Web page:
Insights from mapping two refugee settlements in Uganda

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Jamon Van Den Hoek

May 17, 2021, 1:56:01 PM5/17/21
to Population-Environment Research Network (PERN) cyberseminars
Dear Colleagues,

Our panelist for today has recently fallen ill, so while we don't have a paper to share, we would like to draw your attention to their presentation from last Monday's kickoff:

C. Nakalembe (2021). Insights from mapping two refugee settlements in Uganda.

In this presentation, the author provides their insights into refugee climate resilience based on interviews, community mapping, and drone data collection at Oruchinga refugee settlement in Uganda, which was established in 1959. In examining relationships between refugees and agriculture, sand mining, soil quality, and health care access, the author brings to light the various refugee-environment relationships that cannot be seen in imagery alone.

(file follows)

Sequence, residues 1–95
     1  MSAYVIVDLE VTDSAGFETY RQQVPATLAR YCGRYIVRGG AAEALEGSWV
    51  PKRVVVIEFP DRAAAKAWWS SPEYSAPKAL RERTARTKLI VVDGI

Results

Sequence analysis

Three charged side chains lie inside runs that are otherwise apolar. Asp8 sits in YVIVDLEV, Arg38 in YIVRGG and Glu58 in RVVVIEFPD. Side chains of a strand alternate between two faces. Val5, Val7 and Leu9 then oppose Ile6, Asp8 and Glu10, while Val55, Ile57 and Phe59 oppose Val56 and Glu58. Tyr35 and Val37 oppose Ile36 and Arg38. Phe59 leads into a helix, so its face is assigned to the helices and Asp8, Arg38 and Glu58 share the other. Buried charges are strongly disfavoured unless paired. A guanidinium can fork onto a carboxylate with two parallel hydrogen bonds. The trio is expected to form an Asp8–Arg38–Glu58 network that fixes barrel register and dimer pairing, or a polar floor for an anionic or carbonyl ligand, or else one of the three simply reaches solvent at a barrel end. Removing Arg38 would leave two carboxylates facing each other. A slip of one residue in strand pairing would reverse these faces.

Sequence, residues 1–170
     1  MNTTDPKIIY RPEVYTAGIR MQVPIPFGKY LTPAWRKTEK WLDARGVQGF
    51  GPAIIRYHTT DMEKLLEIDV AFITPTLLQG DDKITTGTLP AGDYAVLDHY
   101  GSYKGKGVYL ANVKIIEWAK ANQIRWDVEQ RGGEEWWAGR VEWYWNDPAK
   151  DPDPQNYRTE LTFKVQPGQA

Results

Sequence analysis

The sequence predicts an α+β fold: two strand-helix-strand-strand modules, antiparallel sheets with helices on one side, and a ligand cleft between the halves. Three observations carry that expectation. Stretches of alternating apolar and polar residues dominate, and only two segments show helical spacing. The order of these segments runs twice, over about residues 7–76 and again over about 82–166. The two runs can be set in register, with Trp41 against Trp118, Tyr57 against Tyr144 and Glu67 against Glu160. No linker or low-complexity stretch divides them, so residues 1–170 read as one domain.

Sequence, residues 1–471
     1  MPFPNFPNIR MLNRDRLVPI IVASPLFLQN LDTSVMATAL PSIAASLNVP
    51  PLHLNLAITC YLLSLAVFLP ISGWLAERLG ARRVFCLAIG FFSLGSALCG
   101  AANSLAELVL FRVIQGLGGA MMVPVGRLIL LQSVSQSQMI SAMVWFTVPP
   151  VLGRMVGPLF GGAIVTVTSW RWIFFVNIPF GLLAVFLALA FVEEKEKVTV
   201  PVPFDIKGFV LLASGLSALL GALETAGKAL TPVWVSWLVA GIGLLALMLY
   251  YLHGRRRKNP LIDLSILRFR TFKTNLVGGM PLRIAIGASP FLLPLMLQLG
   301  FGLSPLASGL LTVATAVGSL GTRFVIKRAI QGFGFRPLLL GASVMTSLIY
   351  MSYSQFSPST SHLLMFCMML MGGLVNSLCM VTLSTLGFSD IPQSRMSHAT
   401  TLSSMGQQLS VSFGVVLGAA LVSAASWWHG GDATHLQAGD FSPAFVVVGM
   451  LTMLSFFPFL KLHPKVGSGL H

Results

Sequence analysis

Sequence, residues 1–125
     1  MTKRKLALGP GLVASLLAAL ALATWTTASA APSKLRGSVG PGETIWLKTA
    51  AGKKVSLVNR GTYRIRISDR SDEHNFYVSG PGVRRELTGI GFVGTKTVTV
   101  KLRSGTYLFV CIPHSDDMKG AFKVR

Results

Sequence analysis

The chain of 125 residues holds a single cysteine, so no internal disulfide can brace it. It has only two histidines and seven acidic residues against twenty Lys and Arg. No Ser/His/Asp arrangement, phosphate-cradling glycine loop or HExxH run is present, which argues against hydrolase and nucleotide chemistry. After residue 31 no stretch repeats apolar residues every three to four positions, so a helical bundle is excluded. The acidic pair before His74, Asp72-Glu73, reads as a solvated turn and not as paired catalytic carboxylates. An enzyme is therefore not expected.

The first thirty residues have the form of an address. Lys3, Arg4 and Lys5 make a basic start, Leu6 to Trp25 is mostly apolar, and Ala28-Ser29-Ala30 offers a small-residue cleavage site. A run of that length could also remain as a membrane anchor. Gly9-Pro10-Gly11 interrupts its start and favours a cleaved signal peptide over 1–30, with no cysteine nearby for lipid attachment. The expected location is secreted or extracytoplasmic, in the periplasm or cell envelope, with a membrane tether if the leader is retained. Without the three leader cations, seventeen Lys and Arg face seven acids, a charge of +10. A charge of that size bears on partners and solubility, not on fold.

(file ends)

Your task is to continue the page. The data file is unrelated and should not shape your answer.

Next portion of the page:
Please take a look and share your thoughts here. Thanks,

Jamon Van Den Hoek, PhD | Asst Professor
Geography Program, CEOAS | Oregon State University
Oregon State University occupies land in the traditional territory of the 
Ampinefu ("Mary's River") band of the Kalapuya. After the Kalapuya 
Treaty (Treaty of Dayton) in 1855, Kalapuya people were forcibly removed 
to what are now the Grand Ronde and Siletz reservations, and are now 
members of Confederated Tribes of the Grand Ronde Community of Oregon 
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